Each year Northeastern University’s Three Seas Masters of Science in Marine Biology students travel to the Gulf of Maine, the Salish Sea, and the Caribbean to learn firsthand what it takes to be a marine biologist. But they don’t just come to learn. The students are practicing scientists, helping to expand knowledge of the undersea world.

As part of their educational experience, the Three Seas students hold an annual bioblitz at the world-renowned Friday Harbor Marine Labs in Friday Harbor, Washington. A bioblitz is an all-out, one-day race to collect and identify as many new species as possible and to record their findings for science.

Since 2016, Three Seas students have deposited samples from their bioblitz to the Ocean Genome Legacy (OGL) collection, and as per tradition, they found many species that are new to OGL’s collection.

Three Seas students document (left), sample (center), and collect metadata about (right) specimens in the San Juan Islands at Friday Harbor Labs. Photo credit: Three Seas program.

This year, students sampled more than 60 specimens–25 of which are new species to OGL’s collection, including Cucumaria miniata (orange sea cucumber), Pugettia producta (northern kelp crab), Petrolisthes eriomerus (flattop porcelain crab), and Rostanga pulchra (red sponge nudibranch), as well as every species of seaweed.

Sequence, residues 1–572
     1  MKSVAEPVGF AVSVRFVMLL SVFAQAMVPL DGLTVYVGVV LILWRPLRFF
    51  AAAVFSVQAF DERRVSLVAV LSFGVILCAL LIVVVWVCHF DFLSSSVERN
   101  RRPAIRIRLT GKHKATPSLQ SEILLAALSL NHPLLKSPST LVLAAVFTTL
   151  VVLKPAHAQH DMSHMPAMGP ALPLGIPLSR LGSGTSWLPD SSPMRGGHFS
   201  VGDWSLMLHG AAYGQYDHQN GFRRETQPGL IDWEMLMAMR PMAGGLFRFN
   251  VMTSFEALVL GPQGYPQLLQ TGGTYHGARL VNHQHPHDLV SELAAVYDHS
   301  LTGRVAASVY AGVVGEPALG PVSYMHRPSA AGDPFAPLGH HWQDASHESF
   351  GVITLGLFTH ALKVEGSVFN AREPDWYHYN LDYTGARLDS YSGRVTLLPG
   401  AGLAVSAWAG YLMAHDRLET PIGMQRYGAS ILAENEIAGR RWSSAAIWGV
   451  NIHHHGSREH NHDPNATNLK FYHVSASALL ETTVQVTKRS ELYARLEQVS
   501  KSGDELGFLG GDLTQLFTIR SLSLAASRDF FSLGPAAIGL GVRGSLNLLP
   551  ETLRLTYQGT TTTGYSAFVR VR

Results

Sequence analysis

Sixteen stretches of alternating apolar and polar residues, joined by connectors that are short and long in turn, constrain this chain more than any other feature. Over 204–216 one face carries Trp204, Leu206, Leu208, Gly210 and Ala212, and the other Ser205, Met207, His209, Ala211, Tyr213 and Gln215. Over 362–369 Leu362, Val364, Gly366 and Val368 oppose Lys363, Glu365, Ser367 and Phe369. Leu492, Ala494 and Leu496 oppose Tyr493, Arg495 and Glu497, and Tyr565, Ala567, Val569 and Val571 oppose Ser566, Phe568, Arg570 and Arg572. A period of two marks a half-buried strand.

Codium fragile, also known as green sea fingers (left), Costaria costata (center), and Melanosiphon intestinalis (right). Photo credit: Three Seas program.

Additionally, students document their observations on iNaturalist, an online community for biodiversity science, where their observations can be reviewed and confirmed by other scientists. When the identifications are confirmed by at least three members of the iNaturalist community, the data becomes “research grade” and is indexed by the Global Biodiversity Information Facility (GBIF), a worldwide database relied upon by scientists around the world.

Oregonia gracilis, also known as graceful decorator crab (left), Venerupis philippinarum or Manila clam (center), and Heptacarpus sp. (right). Photo credit: Three Seas program.

At OGL, supporting the next generation of scientists is a critical part of our education mission. If you’d like to contribute to our collection and teaching effort, consider making a donation today.